Engine dies

Old 12-03-2007, 07:42 PM
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Default Engine dies

Once I get my mach 427 started I'll let it warm up. After about 2min. I try to give it gas and it dies. I restart and drive it with no problems and good temp readings. I'll bring the 8T back in and let it just sit and idle. When I try to go again it will die. Does this mean my tune is off? Or maybe to much gas is sittin in the engine or carb causing it to die? Thanks for any advice
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Old 12-03-2007, 08:06 PM
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probably a lil too rich on the bottom ,
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Old 12-03-2007, 08:12 PM
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Originally Posted by houston View Post
probably a lil too rich on the bottom ,
So I should just adjust the low end a little leaner? Sounds good. Thanks Houston. It seemed odd but is running so well. The beauty of fine tuning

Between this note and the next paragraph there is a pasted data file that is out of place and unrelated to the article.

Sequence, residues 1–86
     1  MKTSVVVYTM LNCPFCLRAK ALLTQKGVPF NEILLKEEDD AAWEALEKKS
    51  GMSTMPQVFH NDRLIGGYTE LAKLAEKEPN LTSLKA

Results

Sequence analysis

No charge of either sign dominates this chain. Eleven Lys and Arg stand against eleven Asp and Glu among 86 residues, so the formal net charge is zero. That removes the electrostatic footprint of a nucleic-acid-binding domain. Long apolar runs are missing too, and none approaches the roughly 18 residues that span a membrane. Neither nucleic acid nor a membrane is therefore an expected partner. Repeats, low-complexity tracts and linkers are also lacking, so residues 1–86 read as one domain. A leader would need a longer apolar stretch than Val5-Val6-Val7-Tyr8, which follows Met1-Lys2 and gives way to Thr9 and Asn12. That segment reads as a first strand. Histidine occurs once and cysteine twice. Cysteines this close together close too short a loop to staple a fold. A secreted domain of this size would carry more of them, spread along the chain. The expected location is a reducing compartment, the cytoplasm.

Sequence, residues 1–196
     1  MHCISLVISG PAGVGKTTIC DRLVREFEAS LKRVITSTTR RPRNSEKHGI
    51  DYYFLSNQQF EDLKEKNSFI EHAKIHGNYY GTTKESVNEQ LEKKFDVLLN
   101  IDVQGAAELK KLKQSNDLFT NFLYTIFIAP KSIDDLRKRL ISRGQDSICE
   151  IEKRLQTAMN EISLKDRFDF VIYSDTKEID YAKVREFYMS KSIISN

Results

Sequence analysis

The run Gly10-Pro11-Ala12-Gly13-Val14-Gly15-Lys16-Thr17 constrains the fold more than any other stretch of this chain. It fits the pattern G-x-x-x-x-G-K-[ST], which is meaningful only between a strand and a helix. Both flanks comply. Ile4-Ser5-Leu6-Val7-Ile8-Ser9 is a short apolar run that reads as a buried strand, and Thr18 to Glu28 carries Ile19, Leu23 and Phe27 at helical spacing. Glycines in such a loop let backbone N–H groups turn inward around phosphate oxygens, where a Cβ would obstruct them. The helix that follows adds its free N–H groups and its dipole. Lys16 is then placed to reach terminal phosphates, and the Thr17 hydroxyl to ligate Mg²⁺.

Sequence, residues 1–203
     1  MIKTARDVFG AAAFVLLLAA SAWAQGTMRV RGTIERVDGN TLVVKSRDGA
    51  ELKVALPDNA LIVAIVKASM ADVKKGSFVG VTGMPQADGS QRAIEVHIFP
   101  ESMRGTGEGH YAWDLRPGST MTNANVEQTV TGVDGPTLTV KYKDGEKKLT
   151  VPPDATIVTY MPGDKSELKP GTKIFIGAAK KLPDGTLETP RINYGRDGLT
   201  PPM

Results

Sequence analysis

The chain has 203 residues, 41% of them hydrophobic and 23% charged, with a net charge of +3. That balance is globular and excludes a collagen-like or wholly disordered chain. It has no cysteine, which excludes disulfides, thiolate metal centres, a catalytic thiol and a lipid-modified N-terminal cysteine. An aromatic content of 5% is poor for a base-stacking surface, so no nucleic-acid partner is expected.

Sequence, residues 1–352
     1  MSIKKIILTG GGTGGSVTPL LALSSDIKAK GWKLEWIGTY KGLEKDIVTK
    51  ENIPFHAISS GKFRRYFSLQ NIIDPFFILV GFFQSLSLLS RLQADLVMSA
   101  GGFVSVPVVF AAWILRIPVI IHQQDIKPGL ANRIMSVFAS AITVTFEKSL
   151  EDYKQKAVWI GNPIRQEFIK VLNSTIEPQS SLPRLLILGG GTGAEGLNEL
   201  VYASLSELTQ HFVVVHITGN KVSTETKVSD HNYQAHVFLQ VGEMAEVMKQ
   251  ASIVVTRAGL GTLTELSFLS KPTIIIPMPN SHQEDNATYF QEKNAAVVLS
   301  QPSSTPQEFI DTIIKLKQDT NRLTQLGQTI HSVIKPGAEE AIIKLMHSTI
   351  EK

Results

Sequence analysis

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Old 12-03-2007, 10:39 PM
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i think the low end is a little rich... you can left it as it is as a little richer on the low end saves the bearings... lean bottom is usually the one that kills engines...

some clarification first... how long did you leave it to idle? if it's like less than 20 secs, then should lean down the bottom end, or turn in the idle screw a little...

did you full bore the engine just after it idles? i'll blip the throttle if it idles for a while to clear the engine....

2 cents...
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Old 12-03-2007, 10:56 PM
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It sounds as if the bottom is a little on the rich side. Lean the bottom out about an 1/8th of a turn. Then run the car, clear it out and let it sit for about 8-10 seconds. Once it has set for 8-10 secs floor it, if it goes but bogs then lean it another 1/8th. Then try it over again. After sitting for about 8 or so seconds and you floor it, the car should come off of the line pretty strong but not insanely. This should pretty much get you in the ballpark. If you need more help you are more then welcome to PM and I will answer everything that I can.